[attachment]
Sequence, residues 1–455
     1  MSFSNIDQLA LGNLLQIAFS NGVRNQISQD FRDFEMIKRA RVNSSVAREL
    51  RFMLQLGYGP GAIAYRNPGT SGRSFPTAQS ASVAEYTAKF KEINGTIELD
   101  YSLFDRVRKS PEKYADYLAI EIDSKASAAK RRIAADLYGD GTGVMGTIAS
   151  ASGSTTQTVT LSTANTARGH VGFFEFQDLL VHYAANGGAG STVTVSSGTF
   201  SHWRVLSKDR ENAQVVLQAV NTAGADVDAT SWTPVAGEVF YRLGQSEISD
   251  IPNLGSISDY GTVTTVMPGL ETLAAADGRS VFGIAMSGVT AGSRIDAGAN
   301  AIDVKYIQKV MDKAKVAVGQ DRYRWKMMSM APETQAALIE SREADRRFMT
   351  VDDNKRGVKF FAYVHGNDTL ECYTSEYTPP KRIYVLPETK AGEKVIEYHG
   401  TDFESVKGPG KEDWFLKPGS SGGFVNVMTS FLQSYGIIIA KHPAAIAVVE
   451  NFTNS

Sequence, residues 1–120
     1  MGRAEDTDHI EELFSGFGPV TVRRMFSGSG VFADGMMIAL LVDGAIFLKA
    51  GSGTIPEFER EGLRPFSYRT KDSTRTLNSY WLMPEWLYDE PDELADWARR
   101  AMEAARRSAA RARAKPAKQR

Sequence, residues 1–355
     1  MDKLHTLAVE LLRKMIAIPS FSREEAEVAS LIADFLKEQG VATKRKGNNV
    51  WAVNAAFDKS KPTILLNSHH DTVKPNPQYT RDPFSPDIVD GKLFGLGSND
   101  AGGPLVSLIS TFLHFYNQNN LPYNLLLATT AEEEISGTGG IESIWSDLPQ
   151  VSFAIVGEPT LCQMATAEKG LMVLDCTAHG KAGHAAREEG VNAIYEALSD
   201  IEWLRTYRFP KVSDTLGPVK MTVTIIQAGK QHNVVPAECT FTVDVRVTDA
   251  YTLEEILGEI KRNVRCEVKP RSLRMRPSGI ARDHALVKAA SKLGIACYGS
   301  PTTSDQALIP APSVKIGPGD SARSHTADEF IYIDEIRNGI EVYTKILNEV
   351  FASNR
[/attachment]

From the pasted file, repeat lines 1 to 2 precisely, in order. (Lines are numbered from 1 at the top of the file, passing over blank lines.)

Sequence, residues 1–455
     1  MSFSNIDQLA LGNLLQIAFS NGVRNQISQD FRDFEMIKRA RVNSSVAREL